short stories, writing

clouded in a heavy sourness [short story]

Written for Prompt #44 (below) – from this post


The maid is not a maid, the house is not a home
~

My life isn’t what I’d call conventional. It’s okay, it’s good, whatever people define as not bad. I live in a huge house. By huge, I mean, huge. There’s ten bedrooms, probably more bathrooms and enough scented candles to stock an apocalyptic safe house. I have want I want and I can’t complain.

That’s how I’d describe my life to a stranger at least.

Perfect.

Idyllic.

Nothing is wrong.

Smiles aplenty.

In reality, it’s fucked up. 

My mother is the maid of this rich family. Not, made a sex tape and collected major coins rich but old money rich. I’m talking oil, coal or whatever the fuck scientists claim caused climate change. These people use dollar bills as toilet paper.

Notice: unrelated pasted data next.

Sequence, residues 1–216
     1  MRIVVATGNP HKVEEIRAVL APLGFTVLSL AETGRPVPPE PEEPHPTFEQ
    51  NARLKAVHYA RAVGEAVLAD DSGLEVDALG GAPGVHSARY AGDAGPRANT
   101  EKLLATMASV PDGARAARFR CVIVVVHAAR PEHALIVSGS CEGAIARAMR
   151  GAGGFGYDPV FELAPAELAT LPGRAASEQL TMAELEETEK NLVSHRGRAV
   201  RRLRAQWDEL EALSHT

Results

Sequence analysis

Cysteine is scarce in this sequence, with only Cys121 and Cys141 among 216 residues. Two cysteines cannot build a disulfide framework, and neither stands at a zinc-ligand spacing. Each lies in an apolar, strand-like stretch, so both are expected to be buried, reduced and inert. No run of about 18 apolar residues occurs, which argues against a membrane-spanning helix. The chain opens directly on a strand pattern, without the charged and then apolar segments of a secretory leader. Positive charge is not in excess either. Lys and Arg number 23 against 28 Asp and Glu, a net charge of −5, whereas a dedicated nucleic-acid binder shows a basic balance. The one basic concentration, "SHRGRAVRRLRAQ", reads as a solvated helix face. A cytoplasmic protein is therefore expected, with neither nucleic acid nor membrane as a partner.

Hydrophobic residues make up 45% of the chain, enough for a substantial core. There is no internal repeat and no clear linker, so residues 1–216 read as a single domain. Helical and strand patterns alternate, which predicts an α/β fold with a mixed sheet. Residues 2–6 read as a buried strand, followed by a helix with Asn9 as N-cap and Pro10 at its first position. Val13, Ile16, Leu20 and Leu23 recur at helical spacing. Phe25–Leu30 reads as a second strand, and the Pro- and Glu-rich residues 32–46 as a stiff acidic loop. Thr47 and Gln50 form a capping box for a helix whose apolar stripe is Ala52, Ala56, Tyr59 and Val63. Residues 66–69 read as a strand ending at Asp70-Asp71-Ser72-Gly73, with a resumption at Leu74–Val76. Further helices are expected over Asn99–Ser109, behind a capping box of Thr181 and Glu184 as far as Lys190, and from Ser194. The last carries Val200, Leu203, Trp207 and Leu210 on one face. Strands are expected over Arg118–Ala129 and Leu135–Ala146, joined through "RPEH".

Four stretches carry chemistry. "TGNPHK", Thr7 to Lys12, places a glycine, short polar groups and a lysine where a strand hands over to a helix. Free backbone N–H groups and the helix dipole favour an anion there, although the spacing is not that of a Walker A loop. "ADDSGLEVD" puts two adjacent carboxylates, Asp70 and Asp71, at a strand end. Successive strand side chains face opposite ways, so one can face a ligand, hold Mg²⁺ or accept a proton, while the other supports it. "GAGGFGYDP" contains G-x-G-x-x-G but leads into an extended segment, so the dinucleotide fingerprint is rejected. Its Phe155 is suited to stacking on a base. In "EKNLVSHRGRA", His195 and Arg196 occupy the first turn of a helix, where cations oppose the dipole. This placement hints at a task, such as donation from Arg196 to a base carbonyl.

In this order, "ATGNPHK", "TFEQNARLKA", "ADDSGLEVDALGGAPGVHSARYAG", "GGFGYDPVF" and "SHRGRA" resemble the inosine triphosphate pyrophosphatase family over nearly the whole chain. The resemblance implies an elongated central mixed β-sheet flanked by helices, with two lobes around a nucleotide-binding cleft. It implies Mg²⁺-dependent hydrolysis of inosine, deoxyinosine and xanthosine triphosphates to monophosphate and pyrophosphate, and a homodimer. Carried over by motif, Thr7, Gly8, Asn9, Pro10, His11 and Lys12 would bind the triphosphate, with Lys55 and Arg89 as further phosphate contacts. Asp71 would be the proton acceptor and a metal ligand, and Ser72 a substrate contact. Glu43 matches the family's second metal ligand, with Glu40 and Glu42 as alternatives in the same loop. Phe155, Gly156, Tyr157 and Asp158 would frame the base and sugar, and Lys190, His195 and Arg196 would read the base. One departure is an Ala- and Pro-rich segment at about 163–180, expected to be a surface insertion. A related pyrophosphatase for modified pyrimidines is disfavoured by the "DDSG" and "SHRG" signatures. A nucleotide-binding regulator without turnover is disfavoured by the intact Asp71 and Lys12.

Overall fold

I know what you’re thinking; it must be so hard.

You probably wish you were me.

Wish again.

My mother isn’t just a maid, and this house? It’s not a home. It’s some kind of messed up prison that I find myself in. See, eighteen years ago, my mother was eighteen herself. She was young, naive and just as stupid as people my age generally are.

She met a guy; he was twenty years older than her but that didn’t matter.

They made the beast with two backs and here I am, some kind of messed up Cinderella, but slightly better off. My mother being the maid didn’t happen overnight. After her dalliance with my father, they went their separate ways. When she showed up six months later with a belly the size of a beach ball, shit went down and this arrangement came to pass.

Now, you’re probably thinking: at least this dude did right by her.

Wrong.

His wife and kids don’t know who I am. They don’t know what happened, and that my mom had to sign papers. It’s ironic that she and I are so different considering that we’ve been cocooned together since day one. We’re like two very different in peas in a comfortable yet stifling pod.